Private equity focusing on the long term in LatAm, say panellists
Despite being buffeted by corruption scandals and slowing economies, Latin America has seen a recent influx in long-term and sector-focused investors, heard delegates at Latin Lawyer’s 8th Annual Private Equity Conference, held in New York on Friday.
Latin America has become more attractive to investors in 2017 after a challenging 2016, said Santiago Rubin, managing director of investment banking at Goldman Sachs. “Inflation has come down, currencies have come back and commodity prices have rebounded. These factors are very important for investors.”
LAVCA president Cate Ambrose said she sees increased fundraising activity to increase this year after a quiet 2016. While fundraising is still making a recovery, deal value in the private equity space has been high, with funds taking advantage of favourable exchange rates, she added.
Speakers from private equity funds confirmed this sentiment. Daniel Sterenberg, managing director of The Carlyle Group, said: “Since 2015, we have been very active across the region. Despite the fall in commodity prices, the Andean region has kept growing and is quite stable macroeconomically. With Brazil, we believe we are leaving the bottom of the market,” he said.
Aaron McGovern, investment director at IFM Investors, pointed to the amount his fund has pumped into Mexico as an indicator of the region’s continued appeal. “As a global fund, Latin America competes with every other region for our money. It is telling that we have put billions into Mexico alone,” he said.
A notable development has been an influx of funds that focus on long-term investments, such as pension funds and sovereign wealth funds, and sector-specific outfits that are mostly targeting the energy, tech, retail, real estate and agribusiness sectors, said Ambrose. She cited one Canadian teachers’ pension fund opening in Brazil in 2014 as a sign of a vote of confidence in the country.
Healthcare and education are two sectors that are consistently attracting all kinds of private equity funds, she added.
There has also been a strong return for Latin America’s capital markets, with Brazil leading the surge on the equity side, and Argentina the debt side, said Rubin. He described Argentina’s issuance of a dollar-denominated 100-year bond as “mesmerising”. The country was previously locked out of the international capital markets for over a decade because of a dispute with its debtholders. Meanwhile, Brazil has seen a number of companies going public this year after a three-year drought.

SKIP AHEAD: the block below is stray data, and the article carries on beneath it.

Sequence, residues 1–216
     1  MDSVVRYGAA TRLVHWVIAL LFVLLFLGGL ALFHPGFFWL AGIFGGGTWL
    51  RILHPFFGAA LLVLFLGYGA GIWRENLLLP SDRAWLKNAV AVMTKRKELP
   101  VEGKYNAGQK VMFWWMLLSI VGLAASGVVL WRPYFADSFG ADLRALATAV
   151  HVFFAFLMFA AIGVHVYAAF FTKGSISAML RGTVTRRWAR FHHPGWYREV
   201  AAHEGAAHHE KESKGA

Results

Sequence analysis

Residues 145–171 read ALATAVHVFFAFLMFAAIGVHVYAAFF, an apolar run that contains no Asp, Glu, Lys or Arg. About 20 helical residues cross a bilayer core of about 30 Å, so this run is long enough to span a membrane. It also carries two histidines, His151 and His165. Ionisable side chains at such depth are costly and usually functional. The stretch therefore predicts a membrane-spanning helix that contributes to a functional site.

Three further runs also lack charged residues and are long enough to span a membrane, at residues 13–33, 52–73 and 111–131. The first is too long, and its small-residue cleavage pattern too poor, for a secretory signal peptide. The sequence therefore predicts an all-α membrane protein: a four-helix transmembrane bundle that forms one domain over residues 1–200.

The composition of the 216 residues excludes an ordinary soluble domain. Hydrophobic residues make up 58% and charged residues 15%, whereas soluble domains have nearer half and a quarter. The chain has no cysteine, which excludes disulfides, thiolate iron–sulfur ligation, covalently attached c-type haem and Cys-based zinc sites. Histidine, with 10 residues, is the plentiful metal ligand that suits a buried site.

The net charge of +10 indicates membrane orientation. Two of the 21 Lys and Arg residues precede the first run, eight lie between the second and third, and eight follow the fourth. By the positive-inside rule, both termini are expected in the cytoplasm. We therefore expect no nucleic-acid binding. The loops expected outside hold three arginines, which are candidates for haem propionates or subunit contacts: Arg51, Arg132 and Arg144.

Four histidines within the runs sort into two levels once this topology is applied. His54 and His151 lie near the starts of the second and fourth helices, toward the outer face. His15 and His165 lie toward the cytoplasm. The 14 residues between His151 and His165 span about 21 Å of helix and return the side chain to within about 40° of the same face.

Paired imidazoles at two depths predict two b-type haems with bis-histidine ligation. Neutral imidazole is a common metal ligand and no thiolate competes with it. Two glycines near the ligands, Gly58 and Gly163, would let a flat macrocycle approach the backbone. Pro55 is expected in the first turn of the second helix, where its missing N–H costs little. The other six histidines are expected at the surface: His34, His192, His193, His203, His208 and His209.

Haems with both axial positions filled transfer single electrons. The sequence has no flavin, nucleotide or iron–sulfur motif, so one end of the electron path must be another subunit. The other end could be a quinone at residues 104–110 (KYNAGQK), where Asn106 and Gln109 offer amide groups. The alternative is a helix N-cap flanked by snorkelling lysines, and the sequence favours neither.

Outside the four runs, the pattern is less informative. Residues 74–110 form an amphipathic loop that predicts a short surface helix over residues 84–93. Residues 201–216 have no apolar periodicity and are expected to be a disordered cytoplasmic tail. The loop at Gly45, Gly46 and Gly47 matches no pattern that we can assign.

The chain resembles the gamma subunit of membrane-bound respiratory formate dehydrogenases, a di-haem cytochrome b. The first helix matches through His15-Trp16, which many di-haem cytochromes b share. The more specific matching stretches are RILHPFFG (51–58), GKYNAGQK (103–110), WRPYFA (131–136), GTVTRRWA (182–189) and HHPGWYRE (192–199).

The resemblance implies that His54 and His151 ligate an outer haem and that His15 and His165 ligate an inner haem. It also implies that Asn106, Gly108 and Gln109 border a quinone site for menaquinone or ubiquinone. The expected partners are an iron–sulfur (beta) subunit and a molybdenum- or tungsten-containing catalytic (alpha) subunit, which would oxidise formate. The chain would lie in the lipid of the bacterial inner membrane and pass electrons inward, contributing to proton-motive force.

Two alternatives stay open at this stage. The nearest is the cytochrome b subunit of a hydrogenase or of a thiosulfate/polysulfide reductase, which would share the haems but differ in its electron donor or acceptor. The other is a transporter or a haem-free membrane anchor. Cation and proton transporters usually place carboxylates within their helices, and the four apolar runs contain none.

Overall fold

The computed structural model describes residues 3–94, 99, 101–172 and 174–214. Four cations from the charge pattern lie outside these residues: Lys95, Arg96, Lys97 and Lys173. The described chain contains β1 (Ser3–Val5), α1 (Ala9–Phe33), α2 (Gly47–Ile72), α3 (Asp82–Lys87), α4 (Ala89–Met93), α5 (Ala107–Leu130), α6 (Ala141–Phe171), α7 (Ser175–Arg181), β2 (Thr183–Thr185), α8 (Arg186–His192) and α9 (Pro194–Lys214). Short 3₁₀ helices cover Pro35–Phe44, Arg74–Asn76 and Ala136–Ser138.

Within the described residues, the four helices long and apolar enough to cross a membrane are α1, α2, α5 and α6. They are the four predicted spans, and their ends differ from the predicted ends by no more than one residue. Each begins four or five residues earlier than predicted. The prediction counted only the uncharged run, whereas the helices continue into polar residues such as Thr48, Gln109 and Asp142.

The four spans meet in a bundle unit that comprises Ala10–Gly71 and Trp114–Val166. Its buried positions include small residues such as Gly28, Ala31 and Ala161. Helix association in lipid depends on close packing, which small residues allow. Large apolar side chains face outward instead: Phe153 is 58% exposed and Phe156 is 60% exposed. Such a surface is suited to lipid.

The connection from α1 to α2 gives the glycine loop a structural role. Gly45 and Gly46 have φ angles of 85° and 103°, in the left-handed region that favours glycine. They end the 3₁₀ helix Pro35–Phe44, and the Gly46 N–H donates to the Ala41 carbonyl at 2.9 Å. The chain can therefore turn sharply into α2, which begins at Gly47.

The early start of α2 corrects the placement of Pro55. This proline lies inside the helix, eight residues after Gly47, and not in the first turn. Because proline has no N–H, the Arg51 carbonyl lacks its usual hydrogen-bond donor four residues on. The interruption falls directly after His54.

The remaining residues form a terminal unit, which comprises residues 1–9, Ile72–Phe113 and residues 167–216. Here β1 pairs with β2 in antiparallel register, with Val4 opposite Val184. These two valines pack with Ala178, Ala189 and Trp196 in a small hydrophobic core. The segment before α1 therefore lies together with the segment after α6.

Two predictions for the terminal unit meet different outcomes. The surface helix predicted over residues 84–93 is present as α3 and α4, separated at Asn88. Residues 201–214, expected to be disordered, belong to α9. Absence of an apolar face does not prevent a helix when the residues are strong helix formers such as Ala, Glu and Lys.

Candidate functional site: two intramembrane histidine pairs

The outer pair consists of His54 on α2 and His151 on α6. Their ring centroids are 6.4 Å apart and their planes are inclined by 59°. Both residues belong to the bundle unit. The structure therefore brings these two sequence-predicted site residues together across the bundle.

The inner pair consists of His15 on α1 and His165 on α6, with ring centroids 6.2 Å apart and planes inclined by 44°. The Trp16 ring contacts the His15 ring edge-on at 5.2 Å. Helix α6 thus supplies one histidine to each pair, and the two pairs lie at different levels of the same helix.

M&A activity is another area that has begun making a recovery in the latter half of 2017, after it sharply dipped in 2016 in part due to uncertainty following the election of US President Donald Trump, heard delegates. “There has been a pick up recently because people feel they can’t wait for Trump’s policies to crystallise and need to get on with business,” said Rubin.
The environment for private equity has improved most dramatically for Argentina, albeit from a low base, said LAVCA’s Ambrose. For The Carlyle Group’s Sterenberg, however, the country still presents too much of a risk. “We still can’t be confident that the situation will still stable in five to seven years’ time. We will hold off on Argentina for now,” he said.
Brazil, long a leader in accommodating private equity investments alongside Chile, has seen a slight dip in its appeal because of changes to rules governing institutional investors, said Ambrose.
But the recovery is threatened by rising government deficits, upcoming elections in the region, increasing geopolitical risks and an expected rise in US interest rates. Rubin says that there are widely different expectations for how far the US federal reserve will raise interest rates, fuelling further uncertainty.
Panellists from private equity funds also discussed what they look for in legal advisors. IFM Investors’ McGovern said having good relations with opposing counsel and other players is key. “We participated in a tender offer, and there isn’t a lot of precedent, so in that case it was important that counsel had good relations with the stock exchange and the securities regulator,” he said.
For Sterenburg, legal advisors need to be able to keep a cool head. “Private equity investments can get emotional, so it is good to have someone that can keep their distance,” he said. This was echoed by Simpson Thacher & Bartlett LLP's Todd Crider, who chaired the event and moderated the opening panel. “One thing you learn as you get older is perspective,” he said.
Francisco Ugarte of Chile’s Carey chaired the conference alongside Crider.
Latin Lawyer will continue to report on the private equity conference in the daily news briefing.